Polish Ministry of Foreign Affairs (MFA) announced at the beginning of March that there had been a rapprochement of positions during talks conducted through diplomatic channels, raising hopes that a comprehensive agreement regulating the travel of organized groups of Israeli youth to Poland could be signed in the near future.
“A preliminary agreement has been reached regarding a treaty between the governments of Poland and Israel on co-operation in the field of organized youth group study visits,” the Ministry of Foreign Affairs announced on Thursday via Twitter. “On March 16, 2023, negotiations on the agreement between the Government of the Republic of Poland and the Government of the State of Israel on cooperation in the field of organized youth group study visits were held in Warsaw. A preliminary agreement has been reached in this matter.”
Statement on negotiations of the agreement regarding the return of trips of organized groups of Israeli youth to Poland ⤵️https://t.co/Oo89PznXa1
— Ministry of Foreign Affairs 🇵🇱 (@PolandMFA) March 16, 2023
As the MFA stated at the time, Poland would always be ready to receive and host Israeli individuals, both individually and as part of organized groups, in accordance with existing accords between our nations, including visa-free travel. “We are in support of boosting people-to-people encounters between Poles and Israelis, particularly among the young generation, as this is critical to enhancing understanding between our nations,” the statement added.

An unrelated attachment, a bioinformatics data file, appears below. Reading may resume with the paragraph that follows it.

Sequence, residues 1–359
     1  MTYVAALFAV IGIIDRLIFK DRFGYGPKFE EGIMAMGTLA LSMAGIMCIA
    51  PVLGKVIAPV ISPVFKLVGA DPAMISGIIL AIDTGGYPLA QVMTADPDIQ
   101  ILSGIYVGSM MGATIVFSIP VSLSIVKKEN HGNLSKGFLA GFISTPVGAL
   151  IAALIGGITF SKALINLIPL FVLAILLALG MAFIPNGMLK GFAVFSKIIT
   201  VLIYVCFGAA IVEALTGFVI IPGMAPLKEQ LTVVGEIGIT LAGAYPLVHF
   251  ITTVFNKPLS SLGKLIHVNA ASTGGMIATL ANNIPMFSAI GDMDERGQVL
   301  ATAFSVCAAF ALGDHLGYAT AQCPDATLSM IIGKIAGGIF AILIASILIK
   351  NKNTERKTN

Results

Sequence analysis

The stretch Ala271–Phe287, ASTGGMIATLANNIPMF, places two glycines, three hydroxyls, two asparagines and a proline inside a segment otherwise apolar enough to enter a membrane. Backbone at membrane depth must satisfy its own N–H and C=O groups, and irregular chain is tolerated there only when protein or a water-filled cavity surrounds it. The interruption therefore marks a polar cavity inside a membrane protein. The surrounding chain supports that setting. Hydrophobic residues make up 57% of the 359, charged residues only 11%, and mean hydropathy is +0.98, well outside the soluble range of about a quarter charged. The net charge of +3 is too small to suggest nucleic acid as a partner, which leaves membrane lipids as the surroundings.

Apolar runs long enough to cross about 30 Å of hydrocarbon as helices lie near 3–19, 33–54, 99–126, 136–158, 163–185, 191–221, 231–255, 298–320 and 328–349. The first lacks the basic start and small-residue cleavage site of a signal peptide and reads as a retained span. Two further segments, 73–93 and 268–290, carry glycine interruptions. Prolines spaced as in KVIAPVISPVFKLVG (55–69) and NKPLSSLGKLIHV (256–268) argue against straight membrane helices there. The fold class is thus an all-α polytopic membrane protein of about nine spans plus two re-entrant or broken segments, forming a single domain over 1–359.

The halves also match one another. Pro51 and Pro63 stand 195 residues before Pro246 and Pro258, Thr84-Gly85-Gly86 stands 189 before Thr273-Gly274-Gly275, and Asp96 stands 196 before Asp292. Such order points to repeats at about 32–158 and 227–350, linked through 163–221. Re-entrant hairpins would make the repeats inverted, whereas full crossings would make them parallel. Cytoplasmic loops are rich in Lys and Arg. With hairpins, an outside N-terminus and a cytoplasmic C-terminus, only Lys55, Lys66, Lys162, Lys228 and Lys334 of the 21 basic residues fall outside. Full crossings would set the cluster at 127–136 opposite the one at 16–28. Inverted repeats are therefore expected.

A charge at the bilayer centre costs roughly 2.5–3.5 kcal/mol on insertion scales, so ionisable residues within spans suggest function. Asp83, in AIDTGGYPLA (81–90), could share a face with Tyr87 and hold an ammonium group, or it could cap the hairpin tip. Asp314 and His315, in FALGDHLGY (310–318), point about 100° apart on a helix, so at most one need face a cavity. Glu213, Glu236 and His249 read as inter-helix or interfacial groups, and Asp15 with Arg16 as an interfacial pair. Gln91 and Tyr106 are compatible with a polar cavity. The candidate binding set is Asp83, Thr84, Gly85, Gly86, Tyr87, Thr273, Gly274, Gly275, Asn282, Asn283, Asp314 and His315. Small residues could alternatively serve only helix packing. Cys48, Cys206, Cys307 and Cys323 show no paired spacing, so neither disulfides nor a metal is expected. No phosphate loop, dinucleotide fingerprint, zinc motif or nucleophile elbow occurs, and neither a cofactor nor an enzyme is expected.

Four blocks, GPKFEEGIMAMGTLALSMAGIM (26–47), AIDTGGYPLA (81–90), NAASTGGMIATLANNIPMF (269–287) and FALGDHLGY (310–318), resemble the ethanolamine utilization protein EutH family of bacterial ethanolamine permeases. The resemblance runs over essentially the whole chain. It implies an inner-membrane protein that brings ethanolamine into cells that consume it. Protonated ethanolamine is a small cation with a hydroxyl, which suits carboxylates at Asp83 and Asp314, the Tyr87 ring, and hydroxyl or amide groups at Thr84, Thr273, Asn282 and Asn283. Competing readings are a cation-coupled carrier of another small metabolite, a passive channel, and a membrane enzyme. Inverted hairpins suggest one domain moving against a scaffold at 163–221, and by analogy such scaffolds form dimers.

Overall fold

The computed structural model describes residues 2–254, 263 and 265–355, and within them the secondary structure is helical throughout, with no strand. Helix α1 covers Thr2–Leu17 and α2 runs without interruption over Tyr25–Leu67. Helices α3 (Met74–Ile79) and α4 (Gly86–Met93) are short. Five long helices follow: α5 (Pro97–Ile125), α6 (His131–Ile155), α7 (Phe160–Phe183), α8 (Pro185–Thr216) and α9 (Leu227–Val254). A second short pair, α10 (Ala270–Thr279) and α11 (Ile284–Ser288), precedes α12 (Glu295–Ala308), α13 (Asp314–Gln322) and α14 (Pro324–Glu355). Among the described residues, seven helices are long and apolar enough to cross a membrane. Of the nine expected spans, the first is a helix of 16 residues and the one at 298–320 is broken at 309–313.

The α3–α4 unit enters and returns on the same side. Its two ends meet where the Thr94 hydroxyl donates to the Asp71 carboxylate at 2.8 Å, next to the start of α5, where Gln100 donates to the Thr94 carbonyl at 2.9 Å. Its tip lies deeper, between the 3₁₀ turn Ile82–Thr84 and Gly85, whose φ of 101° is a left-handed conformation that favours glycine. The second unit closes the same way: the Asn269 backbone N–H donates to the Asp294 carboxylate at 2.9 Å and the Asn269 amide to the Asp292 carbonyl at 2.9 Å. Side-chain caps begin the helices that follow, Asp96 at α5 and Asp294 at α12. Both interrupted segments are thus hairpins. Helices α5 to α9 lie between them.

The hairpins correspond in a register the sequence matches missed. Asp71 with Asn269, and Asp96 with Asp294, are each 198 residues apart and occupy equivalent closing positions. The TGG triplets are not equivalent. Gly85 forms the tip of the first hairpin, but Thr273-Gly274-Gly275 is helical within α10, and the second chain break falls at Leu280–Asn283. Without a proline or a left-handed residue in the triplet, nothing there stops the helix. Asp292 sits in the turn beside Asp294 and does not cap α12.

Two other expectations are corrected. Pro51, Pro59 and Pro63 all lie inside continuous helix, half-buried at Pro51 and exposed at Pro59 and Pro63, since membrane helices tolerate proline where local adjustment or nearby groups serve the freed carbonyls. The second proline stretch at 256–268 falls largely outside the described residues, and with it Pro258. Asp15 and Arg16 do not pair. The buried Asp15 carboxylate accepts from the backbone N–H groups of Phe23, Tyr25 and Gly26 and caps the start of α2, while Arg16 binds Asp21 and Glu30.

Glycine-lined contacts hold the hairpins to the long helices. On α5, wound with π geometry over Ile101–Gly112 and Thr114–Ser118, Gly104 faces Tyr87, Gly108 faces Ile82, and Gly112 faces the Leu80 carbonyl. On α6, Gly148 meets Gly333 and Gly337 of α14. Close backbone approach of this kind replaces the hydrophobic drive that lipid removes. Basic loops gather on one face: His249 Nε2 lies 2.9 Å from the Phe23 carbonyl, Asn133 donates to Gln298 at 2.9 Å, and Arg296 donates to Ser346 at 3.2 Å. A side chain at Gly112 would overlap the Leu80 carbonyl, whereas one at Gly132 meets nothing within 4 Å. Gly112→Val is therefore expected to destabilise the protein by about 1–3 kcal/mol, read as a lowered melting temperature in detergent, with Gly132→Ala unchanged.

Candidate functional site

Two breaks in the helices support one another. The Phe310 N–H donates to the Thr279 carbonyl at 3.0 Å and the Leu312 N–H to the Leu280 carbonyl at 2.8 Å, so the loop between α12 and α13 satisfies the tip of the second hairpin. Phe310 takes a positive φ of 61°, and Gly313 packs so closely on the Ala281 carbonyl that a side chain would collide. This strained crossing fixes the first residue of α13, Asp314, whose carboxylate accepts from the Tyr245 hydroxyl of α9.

In mid-June 2022, the Israeli Ministry of Education announced the cancellation of educational trips to Poland for high school students. The ministry justified its decision by stating that there were problems that prevented proper and safe communication with students during the trips. The spokesman for the MFA, Lukasz Jasina, stated at the time that a return to the previous rules, including youth trips with the participation of armed Israeli services, was not possible.
Israeli youth traditionally came to Poland in the summer to visit former German Nazi camps in order to gain knowledge about the Holocaust and commemorate those murdered. This trip has long been considered a milestone in Israeli education, and before the outbreak of the pandemic, around 40,000 Israeli students participated in it every year.
On the cancellation of student travels from Israel to Poland, the Israeli Ambassador to Poland, Yacov Livne, stated in mid-June last year that “work is underway to achieve a shared, decent, acceptable aim.” “I believe we will resolve this situation shortly,” he stated emphatically.